This book starts out pretty slow, it took me a while before I really started to enjoy it, as a matter of fact more then half way. I really enjoy Marcia Willett's writing but this one is not one that I would choose to. It takes place and the very beginning of WW II the family has a summer home in the Devon country side along the ocean. The Father works in London so it is primarily the Mother Lydia who suffers from asthma and bronchitis, and the children that live in this beautiful old home most o ...more
I did enjoy the book. Slow to start, ok in the middle and a predictable end!! It was just a good story, nothing overly dramatic.
Jan Stone
Oct 29, 2014 Jan Stone rated it 3 of 5 stars
Recommended to Jan by: picked it up on a cruise ship
Fun book perfect for a vacation. Easy to read story with a few twists.
Jina Howell-Forbes
Mar 12, 2013 Jina Howell-Forbes rated it 5 of 5 stars
Recommends it for: British mystery lovers who like complex charaters
This family saga that alternates between present day occurrences, and reminiscences of several different events that occurred in that family over the past 70 years. The story is told from multiple points of view. Many family secrets are held by family members, and the meat of the story is contained in those secrets. Since the secrets come out slowly, with family members holding different pieces and perspectives of pivotal events, the book read like a jig-saw puzzle.

I loved the characters, their
Leah Phillips
I am a sucker for family dramas like these, easy reading.
Very good book
A beautifully written book with descriptions of places and events that you could envision unfolding right before you. The story follows the lives of five small children spending their time in a large house by the sea. Through flashbacks and present day events, you learn about their lives from childhood and on into their adult years with happy and sad times wonderfully recounted. The characters were very endearing, full of life and with flaws that made them very interesting. novel to savour!!!
If you are looking for a fast-paced page-turner, this is not for you. Three sisters, Georgie, who has Alzheimer's; Nest, who is crippled; and motherly Mina come to terms with secrets from their past. As always, characters are three-dimensional and real. One thing I really like about Marcia Willett is her willingness to put older characters front and center, and show they are still participating in life. Other Willett books do this better, but this is still worth reading.
Jun 23, 2009 Jodi rated it 1 of 5 stars
Recommends it for: No one
(page 1 - 150) I bought this at a garage sale for a quarter and so far I am wishing I had saved my money. Ho-hum is about all I can say so far. However, I have a hard time putting a book down once I have begun to read. I will see what I think at the end.

I did finish the book, but found it rather boring. Even though all these big secrets were revealed, it was just not very interesting. Ho-hum is the best word I can think up to summarize my opinion of the book.
I had a nice time reading this very English family drama. Though overly predictable in parts, the plot still held a few surprises. The strong female characters were really what made this book so enjoyable - and also their dogs! There was certainly a lot of drama in this book and plenty of big issues like Alzheimer's, infidelity and growing older in general. There were many moments that seemed very genuine. All in all, an enjoyable read!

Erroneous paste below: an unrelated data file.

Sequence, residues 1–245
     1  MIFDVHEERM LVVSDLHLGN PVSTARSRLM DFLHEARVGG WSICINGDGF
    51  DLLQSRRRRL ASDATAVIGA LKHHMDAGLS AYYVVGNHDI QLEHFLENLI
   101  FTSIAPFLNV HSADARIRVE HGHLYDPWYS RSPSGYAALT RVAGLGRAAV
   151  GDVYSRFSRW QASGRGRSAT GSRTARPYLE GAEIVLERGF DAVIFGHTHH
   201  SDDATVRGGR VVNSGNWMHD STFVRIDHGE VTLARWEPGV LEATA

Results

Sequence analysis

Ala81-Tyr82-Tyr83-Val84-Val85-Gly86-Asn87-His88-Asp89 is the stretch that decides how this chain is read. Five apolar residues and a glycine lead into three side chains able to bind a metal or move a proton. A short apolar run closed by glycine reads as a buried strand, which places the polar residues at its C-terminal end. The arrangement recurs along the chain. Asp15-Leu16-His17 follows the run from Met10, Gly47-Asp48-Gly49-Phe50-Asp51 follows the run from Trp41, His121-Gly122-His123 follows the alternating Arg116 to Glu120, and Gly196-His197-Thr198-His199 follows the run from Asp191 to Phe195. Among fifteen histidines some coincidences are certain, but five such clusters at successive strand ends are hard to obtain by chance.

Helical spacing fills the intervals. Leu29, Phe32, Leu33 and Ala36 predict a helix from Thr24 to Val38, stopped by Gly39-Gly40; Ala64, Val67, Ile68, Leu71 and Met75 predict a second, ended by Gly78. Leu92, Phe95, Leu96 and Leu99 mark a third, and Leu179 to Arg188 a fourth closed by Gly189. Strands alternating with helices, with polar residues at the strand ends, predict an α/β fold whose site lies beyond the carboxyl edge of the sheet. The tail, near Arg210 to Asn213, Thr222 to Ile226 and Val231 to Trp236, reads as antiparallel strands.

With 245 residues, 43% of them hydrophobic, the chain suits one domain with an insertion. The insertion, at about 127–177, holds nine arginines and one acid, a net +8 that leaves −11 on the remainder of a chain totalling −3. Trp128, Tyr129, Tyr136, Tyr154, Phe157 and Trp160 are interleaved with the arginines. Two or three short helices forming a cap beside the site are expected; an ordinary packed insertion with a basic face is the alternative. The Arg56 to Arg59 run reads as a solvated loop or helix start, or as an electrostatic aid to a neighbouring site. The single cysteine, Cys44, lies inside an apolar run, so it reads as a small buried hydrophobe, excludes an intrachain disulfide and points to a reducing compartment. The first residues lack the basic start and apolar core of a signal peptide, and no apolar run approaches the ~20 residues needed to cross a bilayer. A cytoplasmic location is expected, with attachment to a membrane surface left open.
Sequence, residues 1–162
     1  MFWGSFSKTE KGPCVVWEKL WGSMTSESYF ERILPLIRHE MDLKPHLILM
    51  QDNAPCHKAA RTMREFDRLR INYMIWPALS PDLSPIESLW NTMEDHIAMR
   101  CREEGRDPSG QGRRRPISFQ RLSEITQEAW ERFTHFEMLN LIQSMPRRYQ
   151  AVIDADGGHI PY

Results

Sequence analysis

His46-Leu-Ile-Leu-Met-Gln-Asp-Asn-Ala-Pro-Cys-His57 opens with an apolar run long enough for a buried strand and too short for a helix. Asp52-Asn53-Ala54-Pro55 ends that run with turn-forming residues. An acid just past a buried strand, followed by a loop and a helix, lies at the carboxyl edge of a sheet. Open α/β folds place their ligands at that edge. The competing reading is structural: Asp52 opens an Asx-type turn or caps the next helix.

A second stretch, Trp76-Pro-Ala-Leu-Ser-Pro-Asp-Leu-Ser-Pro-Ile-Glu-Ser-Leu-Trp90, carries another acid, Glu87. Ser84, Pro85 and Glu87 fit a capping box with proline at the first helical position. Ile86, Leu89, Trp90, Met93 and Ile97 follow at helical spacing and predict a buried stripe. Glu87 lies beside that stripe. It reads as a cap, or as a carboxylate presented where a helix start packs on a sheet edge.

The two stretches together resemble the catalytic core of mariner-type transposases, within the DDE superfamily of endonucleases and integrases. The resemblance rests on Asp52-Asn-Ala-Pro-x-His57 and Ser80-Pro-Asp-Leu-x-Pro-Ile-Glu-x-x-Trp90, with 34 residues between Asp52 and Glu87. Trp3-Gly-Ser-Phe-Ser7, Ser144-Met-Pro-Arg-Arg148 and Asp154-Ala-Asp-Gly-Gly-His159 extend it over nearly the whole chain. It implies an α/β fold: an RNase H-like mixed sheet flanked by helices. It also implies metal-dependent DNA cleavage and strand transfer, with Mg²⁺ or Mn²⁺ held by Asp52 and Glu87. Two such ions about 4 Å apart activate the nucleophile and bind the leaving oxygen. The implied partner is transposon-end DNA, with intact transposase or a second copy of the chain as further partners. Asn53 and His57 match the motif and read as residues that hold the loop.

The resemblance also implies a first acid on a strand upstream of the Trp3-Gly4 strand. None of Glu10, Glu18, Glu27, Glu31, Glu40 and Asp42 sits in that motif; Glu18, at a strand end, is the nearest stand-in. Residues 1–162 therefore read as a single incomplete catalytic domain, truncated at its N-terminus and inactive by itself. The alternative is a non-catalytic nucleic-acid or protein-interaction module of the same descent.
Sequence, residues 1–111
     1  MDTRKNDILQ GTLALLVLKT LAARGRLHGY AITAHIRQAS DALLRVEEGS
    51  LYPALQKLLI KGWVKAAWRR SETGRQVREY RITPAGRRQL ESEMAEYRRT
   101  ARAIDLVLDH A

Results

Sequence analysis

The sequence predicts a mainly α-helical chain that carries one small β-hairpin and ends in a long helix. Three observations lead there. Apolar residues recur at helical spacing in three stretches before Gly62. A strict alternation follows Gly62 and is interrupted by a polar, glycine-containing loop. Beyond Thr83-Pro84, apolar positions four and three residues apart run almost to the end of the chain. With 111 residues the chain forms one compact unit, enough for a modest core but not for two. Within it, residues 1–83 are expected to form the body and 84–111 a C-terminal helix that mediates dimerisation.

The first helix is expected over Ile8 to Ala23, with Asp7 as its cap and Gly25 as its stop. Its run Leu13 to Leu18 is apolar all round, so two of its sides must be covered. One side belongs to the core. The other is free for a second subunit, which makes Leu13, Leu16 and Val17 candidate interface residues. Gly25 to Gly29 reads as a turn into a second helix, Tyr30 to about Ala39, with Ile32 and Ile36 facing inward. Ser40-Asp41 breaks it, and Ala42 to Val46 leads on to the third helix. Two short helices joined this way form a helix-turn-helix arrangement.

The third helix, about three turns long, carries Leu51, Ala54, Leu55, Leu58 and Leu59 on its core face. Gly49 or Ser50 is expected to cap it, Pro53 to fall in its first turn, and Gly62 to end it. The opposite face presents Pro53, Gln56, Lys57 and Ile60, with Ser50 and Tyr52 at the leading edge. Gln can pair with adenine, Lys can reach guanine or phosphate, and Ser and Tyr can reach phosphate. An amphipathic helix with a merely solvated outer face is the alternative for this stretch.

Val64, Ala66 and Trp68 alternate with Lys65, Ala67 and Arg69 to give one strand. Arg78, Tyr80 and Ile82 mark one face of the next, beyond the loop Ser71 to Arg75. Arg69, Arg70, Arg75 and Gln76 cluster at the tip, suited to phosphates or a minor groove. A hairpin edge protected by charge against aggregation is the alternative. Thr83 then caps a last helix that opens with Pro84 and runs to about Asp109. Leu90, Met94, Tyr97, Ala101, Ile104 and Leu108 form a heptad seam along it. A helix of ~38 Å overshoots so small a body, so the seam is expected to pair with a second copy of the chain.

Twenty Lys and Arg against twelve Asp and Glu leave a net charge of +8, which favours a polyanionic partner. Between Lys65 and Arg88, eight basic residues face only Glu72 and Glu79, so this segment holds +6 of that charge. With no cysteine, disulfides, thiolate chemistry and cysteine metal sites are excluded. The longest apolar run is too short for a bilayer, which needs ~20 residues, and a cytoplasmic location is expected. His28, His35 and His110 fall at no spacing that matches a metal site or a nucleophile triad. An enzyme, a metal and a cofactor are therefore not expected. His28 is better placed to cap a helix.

This isn't normally the kind of book I would read, it is slow paced, not a mystery or anything but it was good, I enjoyed it. It's about 5 children who are now elderly and are back in their old home and they discover secrets to their past, of their parents, it's good, not a thrilling page turner by any means but a lovely read just the same.
This was a wonderful read. A very moving story about family relationships, secrets, betrayal and moving on. I did skip a very small part due to a character who was in the book for a very short time whose language I found offensive, but it was so short that I didn't miss anything.
Kim Barbano
Wonderful story but too much description and setting the scene.
I really liked this book. When I found myself reading three books at the same time, this is the one I would keep coming back to. Sure, it was predictable but very pleasantly written. A good "cuddle-up-on-the-sofa-read".
What I call an "easy read"--can be picked up and down whenever and read on a bus/plane/train!! My first Marcia Willett book!! I might read another one . Probably pick one up in charity shop!!
Marcia Willet did not start her writing career until she was 50 years old. so inspiring. if you like family stories set in england, then she is a good author for you.
I picked this up for the title and cover, but found the storytelling and characters to be compelling. The ending wasn't what I expected, but was as it should have been.
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Marcia Willett began her career as a novelist when she was fifty years old. Since that first novel Marcia has written twenty more under her own name as well as a number of short stories. She has also written four books under the pseudonym "Willa Marsh", and is published in more than sixteen countries.

Marcia Willett's early life was devoted to the ballet, but her dreams of becoming a ballerina end
More about Marcia Willett...
A Week in Winter A Summer in the Country The Summer House The Birdcage: A Novel The Way We Were